For people using Python for analysis, JLS v2 is a great solution since it comes with Python bindings and provides extremely fast random data read access for a file format that supports incremental, streaming write. In your opinion, what would be best for people not using Python and exporting data? Something like HDF5?

It sounds like you have a solution for your immediate problem. If it works, I would not recommend doing anything else now since we have a major Joulescope UI update coming soon (next month?).

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Good answer, thank you @mliberty ! Will watch for next release.
I cannot say what is best for all people. For me as simple as CSV would be a sufficient solution. Guess, this might also suit other users who do not need to handle big data.

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I too have a JS220 and need to log IN0. The manual suggests that the device is fully functional, but apparently not? I bought this device because of the additional GPIO and now we’re told “surprise, it don’t work yet”. Can we have an exact date for the release of JLS v2 format? Can I be added to a mailing list so i get notified of the release?

Hi @ribrobrab and welcome to the Joulescope forum! Yes, the JS220’s IN0 (GPI0) and IN1 (GPI1) work today with the Joulescope UI. The Joulescope UI 0.10.x records them to the JLS v1 file, which you can then load & display.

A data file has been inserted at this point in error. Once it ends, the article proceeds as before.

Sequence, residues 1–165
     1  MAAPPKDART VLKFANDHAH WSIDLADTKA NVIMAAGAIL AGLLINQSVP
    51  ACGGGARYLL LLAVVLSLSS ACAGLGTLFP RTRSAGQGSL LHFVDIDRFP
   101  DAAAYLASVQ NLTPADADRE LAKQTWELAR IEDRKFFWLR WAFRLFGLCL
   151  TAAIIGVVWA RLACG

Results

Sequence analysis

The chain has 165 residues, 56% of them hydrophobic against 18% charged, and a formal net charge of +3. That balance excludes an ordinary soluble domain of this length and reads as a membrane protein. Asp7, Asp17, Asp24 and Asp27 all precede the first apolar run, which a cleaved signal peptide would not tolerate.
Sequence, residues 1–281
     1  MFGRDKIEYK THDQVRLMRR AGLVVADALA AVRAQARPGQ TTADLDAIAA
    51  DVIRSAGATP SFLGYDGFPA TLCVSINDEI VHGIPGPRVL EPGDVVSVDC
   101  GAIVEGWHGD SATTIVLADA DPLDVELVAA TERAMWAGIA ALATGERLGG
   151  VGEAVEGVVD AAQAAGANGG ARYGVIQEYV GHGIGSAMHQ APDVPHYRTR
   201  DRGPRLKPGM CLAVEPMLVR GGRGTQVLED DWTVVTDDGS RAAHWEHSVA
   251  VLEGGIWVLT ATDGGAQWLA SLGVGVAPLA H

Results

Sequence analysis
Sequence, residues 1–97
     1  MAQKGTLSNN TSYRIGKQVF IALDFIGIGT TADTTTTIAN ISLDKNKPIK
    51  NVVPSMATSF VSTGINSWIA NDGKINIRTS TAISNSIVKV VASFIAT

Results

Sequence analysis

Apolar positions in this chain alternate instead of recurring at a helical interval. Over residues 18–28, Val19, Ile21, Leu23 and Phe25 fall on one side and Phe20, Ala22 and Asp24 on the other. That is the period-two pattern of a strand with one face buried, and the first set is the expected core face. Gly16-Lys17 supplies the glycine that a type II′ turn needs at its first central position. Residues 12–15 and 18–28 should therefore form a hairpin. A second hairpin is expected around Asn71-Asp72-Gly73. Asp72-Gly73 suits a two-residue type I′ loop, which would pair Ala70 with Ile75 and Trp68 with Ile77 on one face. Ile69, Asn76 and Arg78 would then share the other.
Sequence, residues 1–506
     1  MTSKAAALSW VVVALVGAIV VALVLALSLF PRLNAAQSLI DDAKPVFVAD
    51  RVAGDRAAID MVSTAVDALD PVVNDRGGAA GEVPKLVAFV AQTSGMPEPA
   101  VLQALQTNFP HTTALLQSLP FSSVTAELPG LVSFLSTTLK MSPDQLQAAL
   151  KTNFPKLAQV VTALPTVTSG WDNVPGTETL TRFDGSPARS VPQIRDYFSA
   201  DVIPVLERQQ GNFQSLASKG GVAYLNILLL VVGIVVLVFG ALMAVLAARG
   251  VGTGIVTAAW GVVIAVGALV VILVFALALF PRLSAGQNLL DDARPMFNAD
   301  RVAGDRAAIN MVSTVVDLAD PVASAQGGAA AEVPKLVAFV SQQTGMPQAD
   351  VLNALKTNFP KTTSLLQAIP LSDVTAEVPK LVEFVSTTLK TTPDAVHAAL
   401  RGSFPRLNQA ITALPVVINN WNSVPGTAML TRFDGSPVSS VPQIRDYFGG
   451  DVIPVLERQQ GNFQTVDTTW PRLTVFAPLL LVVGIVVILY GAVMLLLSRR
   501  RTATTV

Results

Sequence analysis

The conversation in this thread was about adding a feature to the Joulescope UI so that it logs GPI to CSV files, which was never supported by the Joulescope UI for either the JS110 or JS220. However, GPIO access is easily supported by custom python scripts, including some of the example scripts.

The JS220’s IN2 & IN3 GPI work, but they are not yet supported by the Joulescope UI. You can use them in python scripts just fine. You can also use python to log them to JLS v2 files which you can then use in your own python analysis. Adding support to the Joulescope UI is underway.

The JLS v2 format is available today (GitHub). The Joulescope UI can already read & display JLS v2 files (at least for the support signals). Adding write support is in progress.

We cannot commit to an official release date. However, we are targeting an alpha release of the Joulescope UI 1.0 next month (February 2023).

You can sign up for the Joulescope newsletter here.

HI Matt,
Yes i see that the UI plots IN0, but when exporting the data to CSV to get the values, IN0 is not there. Time, Current, voltage, power, charge, and energy are present however. It would be very useful to get GPI data to plot against the rest in Excel.

@ribrobrab I am confused as to what will actually help you make the measurements you need. Is there a reason you need to export to Excel? My personal opinion is that Excel is rarely the right answer for sample data. If you are using Excel as the UI to display sample data, why even bother with the Joulescope UI?

Your initial request also demanded:

I am not sure how this fits into your latest message.

Joulescopes are very flexible instruments. Python scripts, rather than the Joulescope UI, are often a better approach for many customized & automated measurements. What are you actually trying to measure and accomplish?

The UI is fine for looking at a pretty picture, but i want the data. I don’t know python.